Named The Kaleidoscope, the building provides workspace and accommodation for the employees working at an adjacent facility operated by Hoang Long Mineral.
The building is situated between a hill and the sea in a remote area that is exposed to hot winds during the dry season and typhoons and floods during the monsoon.
Inrestudio, which is based in Ho Chi Minh City, set out to create a pleasant environment for staff to live and work in during extreme weather while providing them with views in several directions as if looking through a kaleidoscope.
“The project aims at creating a protected space from the harsh tropical climate and enhancing the user’s contact with nature through various architectural devices,” Inrestudio explained.
The Kaleidoscope has a concrete structure topped with a large conical roof designed to resemble a nón lá – a type of Vietnamese hat that is traditionally worn by farmers.
The double-layered roof insulates the building from the sun, while its extended eaves shade the facades and prevent rain from reaching them. This allows windows to remain open even during heavy downpours.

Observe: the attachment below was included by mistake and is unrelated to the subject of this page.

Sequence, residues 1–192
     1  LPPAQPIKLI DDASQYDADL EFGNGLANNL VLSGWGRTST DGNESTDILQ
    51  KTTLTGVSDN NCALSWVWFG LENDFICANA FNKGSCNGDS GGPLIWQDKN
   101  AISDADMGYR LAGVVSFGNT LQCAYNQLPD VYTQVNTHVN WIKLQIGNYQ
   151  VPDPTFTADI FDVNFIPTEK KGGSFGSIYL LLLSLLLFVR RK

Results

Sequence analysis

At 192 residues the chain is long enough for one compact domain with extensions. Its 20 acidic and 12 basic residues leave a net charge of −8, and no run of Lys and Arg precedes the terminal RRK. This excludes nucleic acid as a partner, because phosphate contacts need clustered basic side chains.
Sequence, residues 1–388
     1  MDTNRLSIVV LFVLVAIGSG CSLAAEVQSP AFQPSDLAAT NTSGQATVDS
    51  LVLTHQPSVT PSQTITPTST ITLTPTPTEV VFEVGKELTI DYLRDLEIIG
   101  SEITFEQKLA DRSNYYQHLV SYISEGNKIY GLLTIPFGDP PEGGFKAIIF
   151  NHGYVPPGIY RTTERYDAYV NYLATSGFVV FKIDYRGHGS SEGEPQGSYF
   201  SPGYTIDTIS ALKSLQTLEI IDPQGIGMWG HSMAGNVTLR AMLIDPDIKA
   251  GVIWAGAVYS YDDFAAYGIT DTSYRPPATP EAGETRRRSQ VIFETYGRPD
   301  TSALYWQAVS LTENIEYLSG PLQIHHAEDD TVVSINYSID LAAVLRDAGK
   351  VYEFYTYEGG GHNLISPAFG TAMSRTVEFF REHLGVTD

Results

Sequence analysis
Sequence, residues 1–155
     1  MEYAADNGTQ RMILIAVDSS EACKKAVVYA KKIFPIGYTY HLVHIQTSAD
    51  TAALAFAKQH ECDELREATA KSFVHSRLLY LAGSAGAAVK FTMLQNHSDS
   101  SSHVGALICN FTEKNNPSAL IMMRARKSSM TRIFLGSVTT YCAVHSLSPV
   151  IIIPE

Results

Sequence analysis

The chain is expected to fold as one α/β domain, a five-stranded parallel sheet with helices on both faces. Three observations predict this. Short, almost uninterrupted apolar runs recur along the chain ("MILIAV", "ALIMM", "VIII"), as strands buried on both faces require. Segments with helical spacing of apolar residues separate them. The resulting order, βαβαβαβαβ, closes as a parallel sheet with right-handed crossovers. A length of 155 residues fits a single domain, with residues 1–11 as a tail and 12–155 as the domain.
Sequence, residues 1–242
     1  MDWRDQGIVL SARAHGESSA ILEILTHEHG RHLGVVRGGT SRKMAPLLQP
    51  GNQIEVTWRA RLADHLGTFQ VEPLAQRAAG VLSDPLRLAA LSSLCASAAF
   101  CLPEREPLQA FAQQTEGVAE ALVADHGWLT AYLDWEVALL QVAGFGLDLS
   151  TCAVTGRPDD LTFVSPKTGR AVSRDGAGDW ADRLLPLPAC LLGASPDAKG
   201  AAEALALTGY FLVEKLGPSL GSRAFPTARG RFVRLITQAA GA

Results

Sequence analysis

Sections of perforated blockwork on the elevations allow breezes to naturally ventilate the building and produce constantly shifting patterns of light and shadow on internal surfaces.
Inrestudio designed The Kaleidoscope’s floor plan as a series of triangular rooms that open towards the outside and narrow internally. They surround an open space on the ground floor and a cavernous central office above.
The seven triangular volumes contain private spaces including four en-suite bedrooms and a boardroom on the ground floor. The equivalent spaces on the upper level accommodate two further bedrooms and private offices.
Spaces in between the triangles include shared amenities such as a dining hall, auditorium and boardroom on the ground floor, as well as circulation and large balconies at either end of the building.
Careful attention was paid to the building’s lighting to ensure it fulfils the requirements of workers during the day and night. As dusk falls, soft lighting ensures a more residential feel and limits light pollution affecting the natural surroundings.
Elsewhere in Vietnam, K59 Atelier also used concrete to create its own office that doubles as a home for a family in Ho Chi Minh City.
In the Central Highlands, Khuôn Studio designed a house with concrete blocks on its facades that have a similar light-filtering effect to those used at The Kaleidoscope.
The photography is by Hiroyuki Oki.
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